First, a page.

Digital disruption creates key role for PMs

Read time 3min 10sec
Mark A. Langley, PMI President and CEO.
Mark A. Langley, PMI President and CEO.

As organisations around the world continue to face increased disruption, effective project management practices are more valuable than ever. In fact, leading organisations are elevating the role of project professionals to take advantage of disruption.

That's one of the findings of a global survey, conducted by the US-based Project Management Institute (PMI) and published in its 2018 Pulse of the Profession, In-Depth Report: Next Practices: Maximizing the Benefits of Disruptive Technologies on Projects.

According to PMI President and CEO Mark A Langley, 91% of the organisations involved in the survey admitted to being impacted by disruptive technologies. The research for the report was focused on how organisations would manage the impact of disruptive technologies, and the role project management would play in this.

"Organisations that want to understand and manage the impact of these (disruptive) technologies can look to proven project management practices to survive and thrive during these times of change. As they embrace project excellence, they will experience greater success with their strategic initiatives and higher project rates," he said.

Langley pointed out that the role of the project manager had been expanding in recent years to incorporate that of strategic advisor, innovator, communicator, big thinker, and versatile manager.

"Project managers are becoming more valued as new technologies free them from mundane routines, providing them with more opportunity to innovate. The executive leaders and PMO directors we spoke with sense this evolving role and are looking to the profession to continue to align activities with the business case," he added.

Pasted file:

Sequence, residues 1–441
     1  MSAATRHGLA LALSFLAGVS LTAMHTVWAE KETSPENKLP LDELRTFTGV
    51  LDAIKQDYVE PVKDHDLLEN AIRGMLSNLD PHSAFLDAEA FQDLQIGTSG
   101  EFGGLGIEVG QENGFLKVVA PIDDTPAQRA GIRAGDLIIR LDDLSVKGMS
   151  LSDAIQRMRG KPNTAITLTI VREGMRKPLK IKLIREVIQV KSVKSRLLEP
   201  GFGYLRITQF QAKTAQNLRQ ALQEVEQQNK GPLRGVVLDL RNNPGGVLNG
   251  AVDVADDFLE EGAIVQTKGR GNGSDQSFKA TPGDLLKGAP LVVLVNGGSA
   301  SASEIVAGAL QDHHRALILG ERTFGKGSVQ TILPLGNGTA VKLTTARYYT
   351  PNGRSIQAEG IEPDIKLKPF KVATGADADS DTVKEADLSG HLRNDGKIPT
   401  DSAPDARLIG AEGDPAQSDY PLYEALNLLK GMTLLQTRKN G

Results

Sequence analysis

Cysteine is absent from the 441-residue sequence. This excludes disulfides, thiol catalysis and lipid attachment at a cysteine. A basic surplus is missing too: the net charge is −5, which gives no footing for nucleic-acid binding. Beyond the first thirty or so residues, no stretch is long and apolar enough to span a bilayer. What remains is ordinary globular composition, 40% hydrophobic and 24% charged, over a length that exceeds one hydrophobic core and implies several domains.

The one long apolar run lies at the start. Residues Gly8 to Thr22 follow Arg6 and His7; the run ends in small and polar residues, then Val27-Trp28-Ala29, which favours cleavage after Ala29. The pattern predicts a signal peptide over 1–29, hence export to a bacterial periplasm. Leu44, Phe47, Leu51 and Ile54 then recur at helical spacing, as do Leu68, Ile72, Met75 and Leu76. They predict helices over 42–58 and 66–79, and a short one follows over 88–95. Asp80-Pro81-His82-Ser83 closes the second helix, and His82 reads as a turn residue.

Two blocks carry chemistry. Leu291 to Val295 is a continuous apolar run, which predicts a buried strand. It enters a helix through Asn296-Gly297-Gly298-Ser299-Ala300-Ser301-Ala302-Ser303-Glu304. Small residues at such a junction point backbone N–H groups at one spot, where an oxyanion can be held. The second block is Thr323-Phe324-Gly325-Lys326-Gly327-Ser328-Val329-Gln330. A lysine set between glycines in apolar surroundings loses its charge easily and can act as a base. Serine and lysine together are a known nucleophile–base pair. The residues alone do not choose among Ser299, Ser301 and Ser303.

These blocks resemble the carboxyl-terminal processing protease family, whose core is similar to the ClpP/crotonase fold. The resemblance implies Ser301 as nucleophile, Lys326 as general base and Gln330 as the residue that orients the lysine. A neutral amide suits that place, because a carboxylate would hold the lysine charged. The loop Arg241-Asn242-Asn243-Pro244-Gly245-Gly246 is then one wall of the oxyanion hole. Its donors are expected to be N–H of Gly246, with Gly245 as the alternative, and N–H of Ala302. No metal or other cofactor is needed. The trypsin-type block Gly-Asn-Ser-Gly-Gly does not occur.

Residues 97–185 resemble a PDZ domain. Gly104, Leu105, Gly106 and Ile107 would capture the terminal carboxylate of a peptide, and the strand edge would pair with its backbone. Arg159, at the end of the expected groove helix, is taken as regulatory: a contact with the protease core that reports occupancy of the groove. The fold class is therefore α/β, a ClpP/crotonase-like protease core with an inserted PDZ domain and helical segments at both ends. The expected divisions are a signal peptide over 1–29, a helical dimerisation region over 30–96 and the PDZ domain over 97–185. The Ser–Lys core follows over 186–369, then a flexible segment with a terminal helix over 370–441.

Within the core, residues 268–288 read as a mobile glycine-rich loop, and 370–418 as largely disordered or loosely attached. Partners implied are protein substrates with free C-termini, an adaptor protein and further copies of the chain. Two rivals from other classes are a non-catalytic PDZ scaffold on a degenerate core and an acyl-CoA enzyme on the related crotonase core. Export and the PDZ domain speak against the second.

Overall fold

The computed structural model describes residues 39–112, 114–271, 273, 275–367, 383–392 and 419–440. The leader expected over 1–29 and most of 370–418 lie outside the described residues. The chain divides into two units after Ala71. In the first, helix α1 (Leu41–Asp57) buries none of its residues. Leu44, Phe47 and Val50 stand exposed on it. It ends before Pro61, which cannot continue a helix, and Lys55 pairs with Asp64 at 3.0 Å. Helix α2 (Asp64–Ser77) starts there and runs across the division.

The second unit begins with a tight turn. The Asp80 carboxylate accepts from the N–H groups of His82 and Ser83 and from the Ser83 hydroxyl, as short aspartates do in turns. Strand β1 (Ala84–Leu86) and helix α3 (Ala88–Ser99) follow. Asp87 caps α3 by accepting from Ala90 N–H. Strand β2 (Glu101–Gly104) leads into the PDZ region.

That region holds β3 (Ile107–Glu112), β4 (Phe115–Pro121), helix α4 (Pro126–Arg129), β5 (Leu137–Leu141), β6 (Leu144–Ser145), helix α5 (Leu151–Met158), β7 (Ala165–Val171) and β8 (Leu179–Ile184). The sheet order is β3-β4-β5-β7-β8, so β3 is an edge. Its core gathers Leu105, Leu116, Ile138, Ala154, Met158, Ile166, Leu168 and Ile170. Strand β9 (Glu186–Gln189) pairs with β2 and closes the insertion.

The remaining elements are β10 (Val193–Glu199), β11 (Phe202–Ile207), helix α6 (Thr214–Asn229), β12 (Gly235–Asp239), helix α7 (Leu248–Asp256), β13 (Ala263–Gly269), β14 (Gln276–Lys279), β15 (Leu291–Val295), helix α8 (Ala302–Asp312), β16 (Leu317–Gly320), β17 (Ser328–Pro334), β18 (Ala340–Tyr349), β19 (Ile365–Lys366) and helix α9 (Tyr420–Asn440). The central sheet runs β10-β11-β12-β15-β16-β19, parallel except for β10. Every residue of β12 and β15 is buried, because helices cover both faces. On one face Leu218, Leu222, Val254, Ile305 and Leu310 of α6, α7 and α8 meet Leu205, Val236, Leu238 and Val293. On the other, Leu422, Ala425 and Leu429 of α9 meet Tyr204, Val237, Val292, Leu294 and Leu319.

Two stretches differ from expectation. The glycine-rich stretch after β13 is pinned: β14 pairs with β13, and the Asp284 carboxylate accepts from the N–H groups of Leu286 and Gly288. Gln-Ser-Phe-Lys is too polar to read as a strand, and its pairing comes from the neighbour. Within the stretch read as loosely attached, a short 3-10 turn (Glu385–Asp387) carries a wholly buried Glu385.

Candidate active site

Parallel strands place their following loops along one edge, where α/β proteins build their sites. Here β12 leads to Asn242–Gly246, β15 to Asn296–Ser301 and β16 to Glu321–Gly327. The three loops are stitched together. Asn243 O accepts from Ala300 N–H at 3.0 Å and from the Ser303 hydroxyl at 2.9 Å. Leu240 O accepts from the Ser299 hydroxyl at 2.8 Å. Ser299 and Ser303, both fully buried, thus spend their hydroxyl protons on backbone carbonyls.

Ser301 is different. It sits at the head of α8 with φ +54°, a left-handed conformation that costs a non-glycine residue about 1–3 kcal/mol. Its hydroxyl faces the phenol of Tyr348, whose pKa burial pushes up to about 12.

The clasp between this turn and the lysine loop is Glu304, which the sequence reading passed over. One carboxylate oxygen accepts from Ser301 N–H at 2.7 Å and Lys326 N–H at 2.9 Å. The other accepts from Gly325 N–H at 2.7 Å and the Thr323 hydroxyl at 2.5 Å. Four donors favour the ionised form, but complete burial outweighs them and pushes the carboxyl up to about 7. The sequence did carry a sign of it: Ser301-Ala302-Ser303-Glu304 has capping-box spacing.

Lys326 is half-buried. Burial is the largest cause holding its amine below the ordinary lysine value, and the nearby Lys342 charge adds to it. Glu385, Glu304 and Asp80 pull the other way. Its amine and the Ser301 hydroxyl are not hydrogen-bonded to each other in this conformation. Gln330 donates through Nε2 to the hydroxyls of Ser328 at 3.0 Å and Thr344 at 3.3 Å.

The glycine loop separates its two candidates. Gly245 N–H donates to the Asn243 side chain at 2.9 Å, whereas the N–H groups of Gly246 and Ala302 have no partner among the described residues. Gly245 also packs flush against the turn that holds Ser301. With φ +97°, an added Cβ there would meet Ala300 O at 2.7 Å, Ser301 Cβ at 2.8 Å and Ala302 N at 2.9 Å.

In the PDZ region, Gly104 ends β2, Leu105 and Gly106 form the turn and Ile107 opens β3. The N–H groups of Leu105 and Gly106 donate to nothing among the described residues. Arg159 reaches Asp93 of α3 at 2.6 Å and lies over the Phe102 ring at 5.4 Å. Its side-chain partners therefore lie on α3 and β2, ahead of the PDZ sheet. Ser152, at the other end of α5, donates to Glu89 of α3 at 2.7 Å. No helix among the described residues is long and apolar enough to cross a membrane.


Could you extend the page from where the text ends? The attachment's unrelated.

The research identified two key performance levels among responding organisations: innovators and laggards.

  • Innovator organisations are high-performing with a mature digital transformation strategy, are risk tolerant, and have adopted or committed to change and consider disruptive technologies to be a high organisational priority.
  • Laggards have an immature digital transformation strategy (or none at all), are risk averse, and consider disruptive technologies to be a low organisational priority.

According to the survey, innovators focus on using disruptive technologies to their benefit, driving agility and collaboration, and believe that the project professional should be the advocate and driver for adoption of these technologies within their organisations to:

  • Encourage greater efficiency and automation (75% versus 53% of laggards);
  • Increase productivity (69% versus 59% of laggards);
  • Promote the development of better products and services (61% versus 45% of laggards);
  • Automate mundane tasks to free time for higher level work (59% versus 47% of laggards);
  • Develop more strategic roles and leadership skills (57% versus 35% of laggards); and
  • Build stronger connections among team members (44% versus 34% of laggards).

The survey found that within innovator organisations, project managers are seen as leaders who drive the change and innovation that disruptive technology adoption demands. They also place a greater focus on project management performance improvement and regard proven project management practices as essential to bring rigor, discipline, standardised methodologies, and a common language to complex change initiatives.

The benefits of this approach are reflected in the fact that those that invest in project management experience better project outcomes. In fact, for innovators that embrace project excellence, 71% meet the original goals or business intent of their projects, compared to only 60% of laggards.

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